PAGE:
Letters to the Editor

Space moves to private sector

Editor's note: The following editorial appeared Wednesday n the Kansas City Star.

It was a nearly flawless initial flight: The rocket's engines fired, it lifted off from the pad, the stages separated and the payload went into orbit at the expected altitude.

Friday's maiden flight of the Falcon 9 rocket was an important step forward for President Obama's goal of using private contractors to deliver people and cargo to the International Space Station.

Falcon 9 was developed by the Space Explorations Technology Corp., or SpaceX. Before the launch, SpaceX chief executive Elon Musk was - like a politician - playing the expectations game. It would be incorrect, he said, "to have the fate of commercial launch depend on what happens in the next few days."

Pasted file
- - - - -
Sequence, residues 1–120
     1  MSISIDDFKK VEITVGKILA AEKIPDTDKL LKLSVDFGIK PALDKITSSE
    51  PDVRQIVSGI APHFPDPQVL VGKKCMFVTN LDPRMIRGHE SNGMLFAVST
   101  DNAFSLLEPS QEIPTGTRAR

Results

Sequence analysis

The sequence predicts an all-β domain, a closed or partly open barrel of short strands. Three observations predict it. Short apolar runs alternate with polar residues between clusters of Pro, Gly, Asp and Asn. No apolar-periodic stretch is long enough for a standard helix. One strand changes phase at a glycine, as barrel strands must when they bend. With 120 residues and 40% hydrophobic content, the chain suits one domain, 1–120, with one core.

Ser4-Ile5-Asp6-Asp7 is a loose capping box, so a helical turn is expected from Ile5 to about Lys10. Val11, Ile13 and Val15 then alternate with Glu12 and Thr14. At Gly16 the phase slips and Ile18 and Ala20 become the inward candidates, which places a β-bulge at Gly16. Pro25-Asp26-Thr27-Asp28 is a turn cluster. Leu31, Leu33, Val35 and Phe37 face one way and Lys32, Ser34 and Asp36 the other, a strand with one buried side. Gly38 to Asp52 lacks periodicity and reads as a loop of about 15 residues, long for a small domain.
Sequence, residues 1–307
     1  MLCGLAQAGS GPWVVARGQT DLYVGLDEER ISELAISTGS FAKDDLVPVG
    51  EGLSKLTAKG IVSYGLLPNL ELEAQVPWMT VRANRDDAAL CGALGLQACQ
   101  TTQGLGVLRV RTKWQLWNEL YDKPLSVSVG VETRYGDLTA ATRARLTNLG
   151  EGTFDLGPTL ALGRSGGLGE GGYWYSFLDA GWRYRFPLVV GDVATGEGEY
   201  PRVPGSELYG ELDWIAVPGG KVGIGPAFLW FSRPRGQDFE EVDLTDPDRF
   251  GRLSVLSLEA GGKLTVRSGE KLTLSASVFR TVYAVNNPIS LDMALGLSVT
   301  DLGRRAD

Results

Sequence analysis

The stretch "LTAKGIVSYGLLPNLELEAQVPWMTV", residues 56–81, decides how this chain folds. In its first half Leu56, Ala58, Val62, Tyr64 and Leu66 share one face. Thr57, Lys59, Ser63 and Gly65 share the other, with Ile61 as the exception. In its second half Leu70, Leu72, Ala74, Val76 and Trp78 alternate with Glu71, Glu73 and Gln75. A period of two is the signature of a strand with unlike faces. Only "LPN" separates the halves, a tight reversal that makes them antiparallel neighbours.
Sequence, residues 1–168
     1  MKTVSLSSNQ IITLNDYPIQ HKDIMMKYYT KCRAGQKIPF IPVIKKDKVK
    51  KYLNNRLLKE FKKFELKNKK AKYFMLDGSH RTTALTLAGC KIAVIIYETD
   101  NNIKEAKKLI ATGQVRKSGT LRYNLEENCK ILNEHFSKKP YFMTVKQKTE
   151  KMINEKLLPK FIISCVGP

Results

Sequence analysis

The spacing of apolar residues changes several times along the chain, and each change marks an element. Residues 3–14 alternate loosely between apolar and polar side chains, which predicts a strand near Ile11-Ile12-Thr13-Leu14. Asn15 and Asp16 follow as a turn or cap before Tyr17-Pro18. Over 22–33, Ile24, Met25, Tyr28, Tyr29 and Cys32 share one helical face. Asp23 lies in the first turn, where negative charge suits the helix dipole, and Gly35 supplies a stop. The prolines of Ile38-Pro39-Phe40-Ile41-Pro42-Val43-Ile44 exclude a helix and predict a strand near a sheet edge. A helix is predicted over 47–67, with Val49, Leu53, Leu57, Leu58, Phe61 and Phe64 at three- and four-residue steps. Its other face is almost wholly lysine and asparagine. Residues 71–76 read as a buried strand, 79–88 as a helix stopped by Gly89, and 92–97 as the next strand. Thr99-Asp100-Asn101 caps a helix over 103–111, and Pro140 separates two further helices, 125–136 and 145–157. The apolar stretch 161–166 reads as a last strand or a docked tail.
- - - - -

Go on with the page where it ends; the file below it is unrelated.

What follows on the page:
The lousy record of first launches is why he had cause to worry.

In 2006, an earlier version of the Falcon rocket flopped. Last year, South Korea's first orbital launch vehicle, the KSLV-1, also failed. In 2008, Iran's first orbital launch bid apparently failed, although the Iranians claimed they placed a payload in orbit.

So Friday's Falcon 9 demonstration flight, part of a $278 million federal contract, exceeded expectations. A second Falcon 9 is scheduled to fly later this summer carrying the Dragon capsule, which will be used for cargo and, eventually, people.

Technicians will test the capsule's capabilities in orbit, but it won't visit the space station. That won't happen, at the earliest, until next March.

If the demonstration flights go well, the result could be a $1.6 billion contract for a dozen space station cargo flights.

With the space shuttle scheduled to retire this year, it makes sense to rely more on private contractors for crew and cargo lift. Falcon 9's success has shown that the policy has real promise.